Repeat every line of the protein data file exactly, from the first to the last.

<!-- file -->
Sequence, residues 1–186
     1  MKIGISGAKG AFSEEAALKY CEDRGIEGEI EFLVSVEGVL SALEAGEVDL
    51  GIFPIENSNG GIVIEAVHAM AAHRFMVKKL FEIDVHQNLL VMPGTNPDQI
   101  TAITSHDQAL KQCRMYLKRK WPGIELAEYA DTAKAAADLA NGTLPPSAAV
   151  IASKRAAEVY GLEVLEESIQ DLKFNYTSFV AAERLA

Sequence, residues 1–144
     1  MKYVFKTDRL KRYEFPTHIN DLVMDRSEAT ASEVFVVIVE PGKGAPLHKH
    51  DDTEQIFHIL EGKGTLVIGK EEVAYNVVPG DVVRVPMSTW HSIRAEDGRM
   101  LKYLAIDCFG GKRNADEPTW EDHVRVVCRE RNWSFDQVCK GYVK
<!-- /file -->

Sequence, residues 1–186
     1  MKIGISGAKG AFSEEAALKY CEDRGIEGEI EFLVSVEGVL SALEAGEVDL
    51  GIFPIENSNG GIVIEAVHAM AAHRFMVKKL FEIDVHQNLL VMPGTNPDQI
   101  TAITSHDQAL KQCRMYLKRK WPGIELAEYA DTAKAAADLA NGTLPPSAAV
   151  IASKRAAEVY GLEVLEESIQ DLKFNYTSFV AAERLA

Sequence, residues 1–144
     1  MKYVFKTDRL KRYEFPTHIN DLVMDRSEAT ASEVFVVIVE PGKGAPLHKH
    51  DDTEQIFHIL EGKGTLVIGK EEVAYNVVPG DVVRVPMSTW HSIRAEDGRM
   101  LKYLAIDCFG GKRNADEPTW EDHVRVVCRE RNWSFDQVCK GYVK